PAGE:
Also Shakespeare’s “Sonnet 130” is a parody of the traditional love poems common in his day. He presents an anti-love poem theme in a manner of a love poem mocking the exaggerated comparisons they made.

“My mistress” eyes are nothing like the sun;

Coral is far more red than her lips’ red;

If snow be white, why then her breasts are dun;

If hairs be wires, black wires grow on her head.

I have seen roses damasked, red and white,

But no such roses see I in her cheeks,”

And some perfumes is there more delight

Than in the breath that from my mistress reeks.

I love to hear her speak, yet well I know

That music hath a far more pleasing sound;

I grant I never saw a goddess go;

My mistress when she walks treads on the ground:

And yet, by heaven, I think my love as rare

As any she believed with false compare.

 

Sir Walter Raleigh’s “The Nymph’s Reply to the Shepherd” is a parody of Marlowe’s “The Passionate Shepherd to His Love”

“THE NYMPH’S REPLY                            “ THE PASSIONATE SHEPHERD

  TO THE SHEPHERD”                                 TO HIS LOVE”

If all the world and love young,                       Come live with me and be my love,

And truth in every Shepherd’s tongue,            And we will all the pleasures prove,

These pretty pleasure might me move,           That Valleys, groves, hills, and fields,

To live with thee, and be thy love.                   Woods, or steepy mountain yields.

 

Time drives the flocks from the field to fold,        And we will sit upon the Rocks,

When Rivers rage and Rocks grow cold,               Seeing the Shepherds feed their flocks,

And Philomel becometh dumb,                              By shallow Rivers to whose falls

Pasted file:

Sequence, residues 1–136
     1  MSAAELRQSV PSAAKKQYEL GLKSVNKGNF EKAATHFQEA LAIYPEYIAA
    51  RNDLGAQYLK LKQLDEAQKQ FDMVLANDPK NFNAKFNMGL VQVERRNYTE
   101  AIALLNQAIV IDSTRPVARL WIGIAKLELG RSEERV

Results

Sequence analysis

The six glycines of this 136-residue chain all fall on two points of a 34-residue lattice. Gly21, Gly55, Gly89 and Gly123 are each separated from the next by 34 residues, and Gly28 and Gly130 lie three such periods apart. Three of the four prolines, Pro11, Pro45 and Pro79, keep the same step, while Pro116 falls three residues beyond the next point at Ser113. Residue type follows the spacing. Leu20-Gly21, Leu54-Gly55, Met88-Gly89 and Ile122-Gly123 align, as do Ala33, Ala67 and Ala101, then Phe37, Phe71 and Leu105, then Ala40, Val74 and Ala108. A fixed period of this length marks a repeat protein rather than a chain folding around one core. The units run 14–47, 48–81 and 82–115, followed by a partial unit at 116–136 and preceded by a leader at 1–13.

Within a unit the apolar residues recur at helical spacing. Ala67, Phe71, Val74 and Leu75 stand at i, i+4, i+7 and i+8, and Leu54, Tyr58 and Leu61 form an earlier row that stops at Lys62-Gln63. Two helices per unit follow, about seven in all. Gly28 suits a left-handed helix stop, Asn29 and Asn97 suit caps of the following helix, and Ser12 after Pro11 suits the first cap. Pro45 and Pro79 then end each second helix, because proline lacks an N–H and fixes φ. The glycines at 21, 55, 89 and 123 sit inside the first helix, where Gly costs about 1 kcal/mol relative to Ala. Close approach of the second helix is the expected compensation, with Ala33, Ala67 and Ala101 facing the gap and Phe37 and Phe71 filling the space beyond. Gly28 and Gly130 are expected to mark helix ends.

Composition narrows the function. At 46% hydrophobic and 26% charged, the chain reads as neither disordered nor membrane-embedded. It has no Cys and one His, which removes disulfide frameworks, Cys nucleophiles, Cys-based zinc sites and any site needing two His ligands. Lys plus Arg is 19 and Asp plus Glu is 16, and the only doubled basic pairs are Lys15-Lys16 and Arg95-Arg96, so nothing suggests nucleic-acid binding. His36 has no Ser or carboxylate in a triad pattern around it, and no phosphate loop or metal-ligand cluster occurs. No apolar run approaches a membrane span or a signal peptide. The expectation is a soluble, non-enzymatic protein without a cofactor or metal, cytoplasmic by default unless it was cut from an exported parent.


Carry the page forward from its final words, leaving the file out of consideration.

The rest complain of cares to come.                       Melodious birds sing Madrigals.

 

The flowers do fade, and wanton fields,                  And I will make thee beds of Roses

To wayward winter reckoning yields,                     And a thousand fragrant posies,

A honey tongue, a heart of gall,                              A cap of flowers, and a kirtle

Is fancy’s spring, but sorrow’s fall.                         Embroidered all with leaves of Myrtle;

 

Thy gowns, thy shoes, thy beds of Roses,               A gown made of the finest wool

Thy cap, thy kirtle, and thy posies                           Which from our pretty Lambs we pull;

Soon break, soon wither, soon forgotten:                  Fair lined slippers for the cold,

In folly ripe, in reason rotten.                                     With buckles of the purest gold;

 

Thy belt of straw and Ivy buds,                                  A belt of straw and Ivy buds,

The Coral clasps and amber studs,                             With Coral clasps and Amber studs:

All these in me no means can move                          And if these pleasure may thee move,

To come to thee and be thy love.                               Come live with me, and be my love.

 

But could youth last, and love still breed,                   The Shepherds’ Swains shall dance

and sing

Had joys no date, nor age no need,                             For thy delight each May-morning:

Then these delights my mind might move                   If these delight thy mind may move,

To live with thee, and be thy love.                               Then live with me, and be my love.

 

Parody add humorous effect to poetry and it makes it more enjoyable and fun to read. It also gives another poet a room to express his or her view about a particular poem.

  • PASTORAL

This is a kind of poem that elevates the life of shepherds or shepherdess from the country side. Example is an extract from Christopher Marlowe’s “The Passionate Shepherd To His Love”

 

 

 

‘COME live with me and be my love,

And we will all the pleasures prove,

That valleys, groves, hills, and fields,

Woods, or steepy mountains yields.

 

 

And we will sit upon the rocks,

Seeing the shepherds feed their flocks,

By shallow rivers to whose falls

Melodious birds sing madrigals.

 

And I will make thee beds of roses

And a thousand fragrant posies,

A cap of flower, and a kirtle

Embroidered all with leaves of myrtle;

 

The green fields by the author

THE GREEN FIELDS

At the green fields

We will sit all night and day

To watch the unrevealed wings of rosebuds of may

That in its midst the sweetest love yields